Alexander Skorikov
@petergraat Well it seems to be a conversion factor from cm^2/g to m^2/kg (indicated in the source file as a comment)
petergraat
@petergraat
@askorikov Ah, stupid, I should have seen that! Then there might be an issue with the mass thickness returned by the CL_get_mass_thickness method in the _signals/eds_tem.py file. That method should return the mass thickness in kg/m2. But I think it returns the mass thickness in g/cm2. On line 911 the elemental mass thickness is calculated as the product of composition (in %), thickness (in nm) and density (in g/cm3) and a factor of 1e-9 to get from % to fraction (1e-2) and from nm to cm (1e-7). Or do I oversee again something with the units?
Andrew Herzing
@aaherzing_gitlab
Is there any way to link two signals together so that if the navigation axes of the first dataset is cropped then this will automatically crop the navigation axes of the second? Something like this is what I'm looking for:
>>> s = hs.signals.Signal1D(np.zeros([100,100,10]))
>>> print(s)
<Signal1D, title: , dimensions: (100, 100|10)>
>>> s2 = hs.signals.Signal1D(np.zeros([100,100,10]))
>>> print(s)
<Signal1D, title: , dimensions: (100, 100|10)>
>>> s = s.inav[10:,:]
>>> print(s)
<Signal1D, title: , dimensions: (90, 100|10)>
>>> print(s2)
<Signal1D, title: , dimensions: (90, 100|10)>
Alexander Skorikov
@petergraat Hm, indeed looks like there's a mistake there
Thomas Aarholt
@thomasaarholt
@petergraat @askorikov great that you guys are tracking this :) Could one of you also make a GH issue about it?
petergraat
@petergraat
@thomasaarholt I've just created a new issue at GitHub.
petergraat
@petergraat

@aaherzing_gitlab The following might work:

s = hs.signals.Signal1D(np.zeros([100,100,10]))
s2 = hs.signals.Signal1D(np.zeros([100,100,10]))
s2.axes_manager = s.axes_manager
s.crop(0, 10, None)
print(s)
print(s2)

Using s = s.inav[10:,:] won't work because it creates a new copy of s, and then the axes_manager of s2 isn't the same as the axes_manager of s anymore.

Andrew Herzing
@aaherzing_gitlab
Thanks! This might do it. I'm actually hoping to embed the second signal in the metadata of the first. Is this a bad idea in practice?
Eric Prestat
@ericpre
@aaherzing_gitlab and @petergraat, the example above doesn't work and will break s2. I can't think of a way of doing this automatically
Would putting it in a for loop works well enough:
s = hs.signals.Signal1D(np.arange(100*100*10).reshape(100, 100, 10))
s2 = s.deepcopy()

for _s in [s, s2]:
_s.crop(0, 10, None)
petergraat
@petergraat
@ericpre and @aaherzing_gitlab OK, I understand, setting s2.axes_manager = s.axes_manager couples the axes managers, but not the data. Thus, s.data.shape() is affected by the s.crop() command, but s2.data.shape() has still the original shape.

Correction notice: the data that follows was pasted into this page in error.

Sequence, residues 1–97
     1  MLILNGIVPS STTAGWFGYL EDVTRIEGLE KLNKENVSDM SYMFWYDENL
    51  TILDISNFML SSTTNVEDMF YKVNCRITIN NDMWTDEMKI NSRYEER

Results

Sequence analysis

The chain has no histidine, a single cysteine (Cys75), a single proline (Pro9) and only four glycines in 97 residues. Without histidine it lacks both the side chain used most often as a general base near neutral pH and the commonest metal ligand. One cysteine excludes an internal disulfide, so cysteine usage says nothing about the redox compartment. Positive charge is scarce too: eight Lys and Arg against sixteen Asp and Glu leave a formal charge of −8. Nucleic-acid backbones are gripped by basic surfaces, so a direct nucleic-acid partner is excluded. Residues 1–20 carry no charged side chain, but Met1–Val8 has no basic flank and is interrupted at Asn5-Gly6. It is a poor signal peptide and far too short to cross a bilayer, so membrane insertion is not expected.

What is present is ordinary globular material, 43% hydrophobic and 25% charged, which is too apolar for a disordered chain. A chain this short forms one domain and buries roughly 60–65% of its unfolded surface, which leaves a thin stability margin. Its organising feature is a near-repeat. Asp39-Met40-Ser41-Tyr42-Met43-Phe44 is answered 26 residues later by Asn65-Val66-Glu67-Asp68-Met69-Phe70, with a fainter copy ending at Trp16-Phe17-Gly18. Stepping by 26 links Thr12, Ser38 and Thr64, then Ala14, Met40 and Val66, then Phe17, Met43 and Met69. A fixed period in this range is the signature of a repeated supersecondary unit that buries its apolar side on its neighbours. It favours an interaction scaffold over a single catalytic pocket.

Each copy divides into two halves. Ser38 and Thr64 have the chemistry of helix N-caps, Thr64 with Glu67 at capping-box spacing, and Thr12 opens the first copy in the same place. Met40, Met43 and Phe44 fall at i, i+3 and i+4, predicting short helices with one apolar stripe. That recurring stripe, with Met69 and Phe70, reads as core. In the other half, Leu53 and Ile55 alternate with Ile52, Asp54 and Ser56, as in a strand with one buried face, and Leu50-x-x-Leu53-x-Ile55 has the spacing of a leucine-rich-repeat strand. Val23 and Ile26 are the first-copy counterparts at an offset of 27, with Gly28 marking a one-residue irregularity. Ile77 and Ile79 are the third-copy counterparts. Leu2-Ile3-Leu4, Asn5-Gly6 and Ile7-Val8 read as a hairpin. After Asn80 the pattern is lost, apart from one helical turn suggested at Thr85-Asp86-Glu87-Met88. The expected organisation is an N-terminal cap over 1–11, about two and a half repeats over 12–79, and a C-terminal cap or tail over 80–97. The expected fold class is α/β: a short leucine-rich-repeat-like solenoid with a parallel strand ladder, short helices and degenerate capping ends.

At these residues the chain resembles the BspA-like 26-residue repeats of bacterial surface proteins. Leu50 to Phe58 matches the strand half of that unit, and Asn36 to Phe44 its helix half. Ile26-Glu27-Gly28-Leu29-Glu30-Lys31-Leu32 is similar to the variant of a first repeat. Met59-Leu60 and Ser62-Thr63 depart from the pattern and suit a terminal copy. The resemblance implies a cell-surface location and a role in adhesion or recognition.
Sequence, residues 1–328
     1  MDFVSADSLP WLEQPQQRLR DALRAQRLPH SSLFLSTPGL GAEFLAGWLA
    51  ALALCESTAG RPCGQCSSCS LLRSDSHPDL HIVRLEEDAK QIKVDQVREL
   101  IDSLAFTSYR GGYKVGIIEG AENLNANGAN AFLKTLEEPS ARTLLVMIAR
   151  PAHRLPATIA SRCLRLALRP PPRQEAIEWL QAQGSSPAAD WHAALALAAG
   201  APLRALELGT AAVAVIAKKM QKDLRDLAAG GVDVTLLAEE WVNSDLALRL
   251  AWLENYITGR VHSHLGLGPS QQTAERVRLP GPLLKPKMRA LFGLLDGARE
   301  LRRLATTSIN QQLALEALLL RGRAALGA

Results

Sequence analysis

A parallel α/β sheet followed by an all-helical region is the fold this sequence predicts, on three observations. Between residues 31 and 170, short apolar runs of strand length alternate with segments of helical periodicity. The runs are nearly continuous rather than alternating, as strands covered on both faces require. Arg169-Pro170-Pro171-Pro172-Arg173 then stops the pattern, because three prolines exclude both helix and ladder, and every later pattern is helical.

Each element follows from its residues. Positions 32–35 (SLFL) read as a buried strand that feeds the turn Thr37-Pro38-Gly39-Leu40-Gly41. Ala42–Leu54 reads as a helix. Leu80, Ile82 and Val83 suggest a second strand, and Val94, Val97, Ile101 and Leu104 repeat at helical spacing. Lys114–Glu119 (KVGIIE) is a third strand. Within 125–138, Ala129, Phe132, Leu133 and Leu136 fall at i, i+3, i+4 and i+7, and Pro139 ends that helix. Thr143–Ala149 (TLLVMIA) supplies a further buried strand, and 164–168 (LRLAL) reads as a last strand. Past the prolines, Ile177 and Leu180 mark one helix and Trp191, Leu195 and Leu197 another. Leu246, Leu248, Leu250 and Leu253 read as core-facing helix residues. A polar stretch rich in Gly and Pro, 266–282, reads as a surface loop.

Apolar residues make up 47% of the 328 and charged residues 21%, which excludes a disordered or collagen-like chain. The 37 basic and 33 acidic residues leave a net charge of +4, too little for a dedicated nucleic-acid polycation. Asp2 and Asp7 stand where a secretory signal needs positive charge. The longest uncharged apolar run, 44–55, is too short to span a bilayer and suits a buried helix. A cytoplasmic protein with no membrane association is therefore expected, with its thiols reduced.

Maybe stacking the signals is another possibility:
import hyperspy.misc as hm
s = hs.signals.Signal1D(np.zeros([100,100,10]))
s2 = hs.signals.Signal1D(np.zeros([100,100,10]))
s3 = hm.utils.stack([s, s2])
print(s3)
s3 = s3.inav[10:, :, :]
print(s3)
Katherine E. MacArthur
@k8macarthur
Quick question. Apart from Hyperspy what would people reference when using PCA or one of the other sub algorithms? Specifically I'm doing PCA denoising on my EDX stuff at the moment.
petergraat
@petergraat
@k8macarthur , Do you mean scientific literature? In that case this one might be relevant:
C.M. Parish, 'Multivariate Statistics Applications in Scanning Transmission Electron Microscopy X-Ray Spectrum Imaging', chapter 5 of 'Advances in Imaging and Electron Physics', Volume 168 (Elsevier, 2011).
Katherine E. MacArthur
@k8macarthur
@petergraat Yes I mean scientific literature. Thanks! :)
lukmuk
@lukmuk

Hey all, I am trying to run a Gaussian smoothing kernel over the spatial dimension of my STEM-EDS datacube, i.e. of shape (x, y | E). I am using the map() function for this and have a quick question regarding the signal/navigation dimensions:
If I have a signal s=(x, y | E), then running s.map(my_gaussian_filter) would smooth along the energy channels (signal dimension).
For filtering in spatial dimension I transposed the signal to swap signal/navigation, apply s.map(my_gaussian_filter) and then transpose back, i.e. s.T.map(my_gaussian_filter).T?

Both version return some smoothed version of my spectrum image, but I just wanted to ask if the ideas above are correct (as both version have a smoothing effect on the spectrum image, so it is hard to compare). Thank you for your help!
For anyone interested, I am trying to mimic the Gaussian kernel filtering from the temDM MSA plugin by Pavel Potapov: https://www.sciencedirect.com/science/article/pii/S0968432816303821?via%3Dihub

Eoghan O'Connell
@PinkShnack

Hey @lukmuk. I'm sure someone more experienced will be able to tell you if your method works (I don't using the map function often).

Without having your dataset I can't be sure, but I assume the Scipy multidim gaussian filter function should do the job without needing any transposing? See the example below with some dummy data.

from scipy.ndimage import gaussian_filter
import hyperspy.api as hs
import numpy as np
s = hs.signals.Signal1D(np.zeros([100,100,10]))
gaussian_filter(s, sigma=1)

# general 3D example
a = np.arange(125, step=1).reshape((5,5,5)) #  3D signal
a
gaussian_filter(a, sigma=1)

s = hs.signals.Signal1D(a)
gaussian_filter(s, sigma=1)